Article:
In this regard, it will also be necessary to change the principles of nurse staffing, shifting the focus to hiring and training young employees under more experienced colleagues’ guidance. Currently, Banner Health receives ready-made medical teams with skilled employees who have years of medical practice. Hiring more experienced staff provides higher quality medical services, but it also creates a shortage of medical graduates’ jobs. Therefore, it is necessary to increase the percentage of employees recruited into Banner Heath medical facilities immediately after graduation. A positive side effect will be a higher willingness of young employees to change.
The main tasks for further resource management will include managing employees’ working hours and controlling drugs and new equipment purchases. Besides, with the expansion of the network, there is a possibility of spending on new medical centers’ construction. Since the processes associated with the procurement of drugs and equipment function effectively, special attention should be paid to distributing the workload among medical workers. Today, doctors and nurses often suffer from overestimated workloads due to which the quality of services and patient satisfaction levels can suffer.
Therefore, it is recommended to reduce working hours from 12 to 8 and from 8 to 6 hours per shift while maintaining wages. This approach will make it possible to significantly increase many indicators, while the cost of employee remuneration will increase by no more than 10%. Further, patients’ future satisfaction may be related to the availability of telemedicine services and the quality of the functioning of EHRSs. As Banner Health has faced problems in this area, this aspect will be presented separately.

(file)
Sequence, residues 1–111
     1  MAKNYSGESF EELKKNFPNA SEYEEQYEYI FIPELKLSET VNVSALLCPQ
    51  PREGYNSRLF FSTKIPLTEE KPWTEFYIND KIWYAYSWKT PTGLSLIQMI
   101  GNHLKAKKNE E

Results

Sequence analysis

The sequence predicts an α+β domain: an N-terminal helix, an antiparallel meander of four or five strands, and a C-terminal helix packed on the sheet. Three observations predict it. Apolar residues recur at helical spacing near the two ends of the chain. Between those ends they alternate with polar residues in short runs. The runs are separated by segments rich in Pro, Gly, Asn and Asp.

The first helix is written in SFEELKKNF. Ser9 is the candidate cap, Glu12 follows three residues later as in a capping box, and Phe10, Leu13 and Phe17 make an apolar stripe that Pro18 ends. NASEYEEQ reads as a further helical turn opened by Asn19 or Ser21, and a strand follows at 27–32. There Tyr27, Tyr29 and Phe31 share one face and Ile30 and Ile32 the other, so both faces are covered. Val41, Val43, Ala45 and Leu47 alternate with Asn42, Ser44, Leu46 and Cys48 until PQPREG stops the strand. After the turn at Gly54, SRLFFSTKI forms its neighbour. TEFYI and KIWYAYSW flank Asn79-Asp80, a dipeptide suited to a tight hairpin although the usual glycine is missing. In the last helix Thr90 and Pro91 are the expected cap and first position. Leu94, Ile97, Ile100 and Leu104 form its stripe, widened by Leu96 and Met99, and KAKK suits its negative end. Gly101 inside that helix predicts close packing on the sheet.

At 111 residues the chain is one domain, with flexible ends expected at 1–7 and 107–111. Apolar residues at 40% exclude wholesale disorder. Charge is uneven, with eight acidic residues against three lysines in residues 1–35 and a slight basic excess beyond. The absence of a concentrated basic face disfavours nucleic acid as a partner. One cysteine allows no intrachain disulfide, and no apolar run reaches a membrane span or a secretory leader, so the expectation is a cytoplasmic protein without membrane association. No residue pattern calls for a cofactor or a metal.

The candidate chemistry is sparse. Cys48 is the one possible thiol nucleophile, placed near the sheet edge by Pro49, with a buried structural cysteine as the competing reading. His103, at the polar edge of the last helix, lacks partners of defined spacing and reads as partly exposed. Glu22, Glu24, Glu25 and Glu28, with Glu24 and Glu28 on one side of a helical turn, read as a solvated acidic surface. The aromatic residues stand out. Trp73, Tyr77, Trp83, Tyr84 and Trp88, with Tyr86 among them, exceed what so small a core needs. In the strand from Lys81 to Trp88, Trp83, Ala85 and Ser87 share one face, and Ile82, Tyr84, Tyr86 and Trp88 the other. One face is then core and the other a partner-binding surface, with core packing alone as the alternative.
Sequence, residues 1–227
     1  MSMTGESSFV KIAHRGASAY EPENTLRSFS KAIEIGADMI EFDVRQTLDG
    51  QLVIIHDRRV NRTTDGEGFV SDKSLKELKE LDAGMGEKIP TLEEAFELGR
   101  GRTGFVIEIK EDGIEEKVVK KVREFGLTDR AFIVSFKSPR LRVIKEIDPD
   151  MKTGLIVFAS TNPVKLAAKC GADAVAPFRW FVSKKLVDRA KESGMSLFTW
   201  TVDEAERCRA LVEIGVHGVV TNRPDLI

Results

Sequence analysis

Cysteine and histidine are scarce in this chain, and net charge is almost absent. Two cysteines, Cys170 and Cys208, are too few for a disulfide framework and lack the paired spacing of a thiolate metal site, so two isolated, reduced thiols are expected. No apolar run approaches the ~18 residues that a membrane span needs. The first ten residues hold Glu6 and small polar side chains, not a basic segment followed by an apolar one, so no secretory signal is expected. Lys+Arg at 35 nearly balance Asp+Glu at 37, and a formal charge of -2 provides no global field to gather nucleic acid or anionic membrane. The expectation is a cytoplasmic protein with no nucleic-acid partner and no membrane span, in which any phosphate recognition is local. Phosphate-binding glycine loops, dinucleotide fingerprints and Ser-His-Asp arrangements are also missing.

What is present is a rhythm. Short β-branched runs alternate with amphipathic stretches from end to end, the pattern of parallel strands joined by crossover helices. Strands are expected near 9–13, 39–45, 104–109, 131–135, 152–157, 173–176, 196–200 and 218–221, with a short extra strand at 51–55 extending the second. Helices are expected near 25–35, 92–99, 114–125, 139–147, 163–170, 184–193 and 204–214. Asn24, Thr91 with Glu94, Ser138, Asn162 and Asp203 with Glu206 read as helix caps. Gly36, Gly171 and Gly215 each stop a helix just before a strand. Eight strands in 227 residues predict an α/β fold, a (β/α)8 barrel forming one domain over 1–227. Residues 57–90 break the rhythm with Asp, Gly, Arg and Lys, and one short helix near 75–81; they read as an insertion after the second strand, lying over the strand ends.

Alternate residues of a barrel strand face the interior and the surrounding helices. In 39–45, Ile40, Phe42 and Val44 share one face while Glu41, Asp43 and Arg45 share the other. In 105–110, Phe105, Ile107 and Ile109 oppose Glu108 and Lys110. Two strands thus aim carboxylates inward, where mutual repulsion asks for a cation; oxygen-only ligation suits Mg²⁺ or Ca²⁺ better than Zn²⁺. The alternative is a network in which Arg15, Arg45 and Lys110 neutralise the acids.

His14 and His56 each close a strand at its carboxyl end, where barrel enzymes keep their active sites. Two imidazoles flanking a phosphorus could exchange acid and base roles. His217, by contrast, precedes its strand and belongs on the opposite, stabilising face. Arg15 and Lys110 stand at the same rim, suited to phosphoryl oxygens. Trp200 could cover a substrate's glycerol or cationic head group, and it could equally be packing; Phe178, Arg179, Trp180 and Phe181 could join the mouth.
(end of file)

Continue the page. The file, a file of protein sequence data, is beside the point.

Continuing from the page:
Current and Potential Issues within the Organizational Culture
In the past, Banner health has faced significant challenges in implementing the EHRS. For example, in 2016, the organization found itself at the epicenter of a data breach scandal, as a result of which Banner Health agreed to compensate related damages of $ 1 million (Sanborn, 2018). Further, in 2018, the company spent another $ 45 million to move all facilities in the network from Epic to the more reliable Cerner EHRS, used initially in Banner Health medical facilities (Sanborn, 2018). Therefore, cybersecurity problems were settled, but other possible issues related to data privacy can appear. In this regard, it is necessary to develop clear and appropriate procedures for working with EHRS, including monthly system security checks.
Model for Strategic Plan Implementation
Strategic planning involves the use of various models, as they provide a unified baseline for strategy implementation. The most acceptable is the Hoshin Kanri strategic planning model (Wright, 2019). It allows setting long-term goals, for example, for the next 3-5 years, and creates the possibility of their implementation by forming annual objectives and individual action items. It should also be noted that such 3-5 year strategies are developed under a single company vision. The advantage of this approach is the ability to instantly assess the strategy’s implementation by monitoring the achievement of annual plans and action points. This model is also more acceptable in the presented case, as it is designed specifically for long periods, in contrast to the OKR Model, which is convenient when working with quarterly tasks.
Thus, Banner Health’s overall readiness to meet citizens’ health care needs in the next decade was described and accessed as high. Besides, a comprehensive strategic plan was prepared with advice to apply a Hoshin Kanri strategic planning model. The main changes that need to be implemented shortly is a change in the approach to network expansion and hiring employees. Special attention should also be paid to cybersecurity issues, as they have already arisen in the past. An integrated approach to implementing the strategic plan will allow overcome possible obstacles and ensure the organization’s stable development.
About Banner Health. (2020). Web.
Gallagher, B. (2019). What is an organizational readiness assessment? Web.
Kash, B. A. (2016). Interview with Peter S. Fine, FACHE, President and CEO of Banner Health. Journal of Healthcare Management, 61(2), 81.
Sanborn, B. (2018). Healthcare Finance. Web.
Wright, T. (2019). Web.